New project: Liveable Nordic cities- imaginaries, practices, and prospects
Professor Guy Baeten, together with researchers from Rosklide University and the University of the Arctic has been granted funds by Nordforsk for the project “Liveable Nordic cities: imaginaries, practices, and prospects”.
Urban liveability is clearly more than a temporary buzzword, having endured over five decades and gained increasing significance world-wide over the last two, including through international organisations such as UN-Habitat and the World Bank. Danish architect Jan Gehl, described by some as a ‘godfather of the liveable cities movement’, asserts that recent decades have seen ‘a paradigm shift’ that has gone global: ‘now cities really want to be liveable, healthy and sustainable’. Yet, perhaps not unrelatedly, there is considerable vagueness as to what liveability designates, even among vocal advocates.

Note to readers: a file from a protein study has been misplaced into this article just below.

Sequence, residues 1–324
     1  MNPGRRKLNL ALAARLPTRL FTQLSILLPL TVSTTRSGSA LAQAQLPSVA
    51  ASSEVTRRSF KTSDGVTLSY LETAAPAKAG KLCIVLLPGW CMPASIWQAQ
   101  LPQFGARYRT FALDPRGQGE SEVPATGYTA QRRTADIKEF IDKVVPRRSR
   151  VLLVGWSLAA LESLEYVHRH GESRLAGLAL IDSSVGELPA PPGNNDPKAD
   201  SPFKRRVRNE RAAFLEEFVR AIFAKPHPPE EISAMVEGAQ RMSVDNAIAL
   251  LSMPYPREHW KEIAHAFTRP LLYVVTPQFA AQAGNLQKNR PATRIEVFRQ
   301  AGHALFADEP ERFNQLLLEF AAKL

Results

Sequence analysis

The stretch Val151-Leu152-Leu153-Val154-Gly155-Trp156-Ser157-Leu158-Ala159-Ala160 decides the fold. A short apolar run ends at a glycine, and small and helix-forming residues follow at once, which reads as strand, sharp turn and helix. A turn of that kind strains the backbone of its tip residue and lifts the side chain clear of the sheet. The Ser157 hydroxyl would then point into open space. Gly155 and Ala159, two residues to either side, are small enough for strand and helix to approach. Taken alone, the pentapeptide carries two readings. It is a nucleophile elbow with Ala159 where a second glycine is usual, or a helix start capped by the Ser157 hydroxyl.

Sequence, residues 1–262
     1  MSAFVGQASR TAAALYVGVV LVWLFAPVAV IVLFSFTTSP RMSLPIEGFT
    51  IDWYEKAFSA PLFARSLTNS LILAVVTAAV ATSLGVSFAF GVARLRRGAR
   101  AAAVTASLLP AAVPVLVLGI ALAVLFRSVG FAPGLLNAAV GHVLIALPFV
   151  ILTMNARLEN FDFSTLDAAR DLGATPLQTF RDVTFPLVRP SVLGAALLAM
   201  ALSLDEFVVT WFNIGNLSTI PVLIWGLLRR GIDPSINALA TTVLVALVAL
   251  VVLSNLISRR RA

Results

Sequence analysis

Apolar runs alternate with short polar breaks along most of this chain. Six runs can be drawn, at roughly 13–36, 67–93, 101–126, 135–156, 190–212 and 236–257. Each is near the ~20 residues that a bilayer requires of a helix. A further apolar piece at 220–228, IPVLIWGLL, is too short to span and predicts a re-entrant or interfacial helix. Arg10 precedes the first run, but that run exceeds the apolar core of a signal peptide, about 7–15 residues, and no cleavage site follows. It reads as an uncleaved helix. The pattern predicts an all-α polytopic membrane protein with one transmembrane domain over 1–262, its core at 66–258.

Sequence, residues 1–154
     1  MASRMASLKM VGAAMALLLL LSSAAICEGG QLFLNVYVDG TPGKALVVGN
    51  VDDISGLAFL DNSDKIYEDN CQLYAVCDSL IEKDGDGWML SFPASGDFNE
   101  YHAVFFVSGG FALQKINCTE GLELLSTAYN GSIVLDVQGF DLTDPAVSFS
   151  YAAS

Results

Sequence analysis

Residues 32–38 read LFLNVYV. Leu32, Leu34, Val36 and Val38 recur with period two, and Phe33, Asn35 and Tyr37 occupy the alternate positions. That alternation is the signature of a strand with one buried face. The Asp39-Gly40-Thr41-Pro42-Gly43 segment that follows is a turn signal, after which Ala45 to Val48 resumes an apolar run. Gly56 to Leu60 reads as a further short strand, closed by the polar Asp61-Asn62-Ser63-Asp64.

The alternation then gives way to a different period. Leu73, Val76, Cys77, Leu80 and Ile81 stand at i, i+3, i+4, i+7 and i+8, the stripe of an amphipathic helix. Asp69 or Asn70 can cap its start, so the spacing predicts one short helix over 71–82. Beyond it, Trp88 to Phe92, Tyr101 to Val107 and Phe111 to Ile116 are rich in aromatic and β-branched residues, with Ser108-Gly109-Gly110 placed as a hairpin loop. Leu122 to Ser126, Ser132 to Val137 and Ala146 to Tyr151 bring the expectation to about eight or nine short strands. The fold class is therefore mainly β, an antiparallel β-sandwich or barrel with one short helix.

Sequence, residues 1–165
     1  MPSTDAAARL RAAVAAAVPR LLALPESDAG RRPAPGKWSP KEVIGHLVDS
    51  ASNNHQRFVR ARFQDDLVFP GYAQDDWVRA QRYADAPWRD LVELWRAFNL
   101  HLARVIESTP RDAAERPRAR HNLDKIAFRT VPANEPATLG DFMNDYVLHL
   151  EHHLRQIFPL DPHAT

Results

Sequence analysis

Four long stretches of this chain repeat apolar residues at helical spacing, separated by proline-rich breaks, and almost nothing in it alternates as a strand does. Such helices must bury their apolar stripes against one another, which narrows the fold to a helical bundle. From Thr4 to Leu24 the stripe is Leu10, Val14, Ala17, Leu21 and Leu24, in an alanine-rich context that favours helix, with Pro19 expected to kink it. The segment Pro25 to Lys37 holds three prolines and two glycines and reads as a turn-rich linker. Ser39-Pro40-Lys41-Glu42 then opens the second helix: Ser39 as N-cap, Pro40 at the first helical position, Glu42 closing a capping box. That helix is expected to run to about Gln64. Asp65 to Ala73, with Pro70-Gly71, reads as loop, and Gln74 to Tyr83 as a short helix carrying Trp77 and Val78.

Through a series of workshops, the project seeks to examine aspects of urban liveability and liveable cities as these are constituted and contested in Nordic contexts and primarily in Denmark, Sweden, and Norway. Rather than assuming what these terms designate, and therefore concentrating on their measure or modes of delivery, the aim is to question and challenge their production and operation. This involves exploring distinctive and varied discursive forms and trajectories that urban liveability has taken in the Nordic region. It entails examining modes of knowledge production and circulation, and also experimenting with different ways of sensing urban liveability. By bringing together academic researchers and practitioners, and co-developing new perspectives and creative proposals, it aims to challenge singular and taken-for-granted definitions of liveable cities, and to explore alternative means and models for their articulation and production.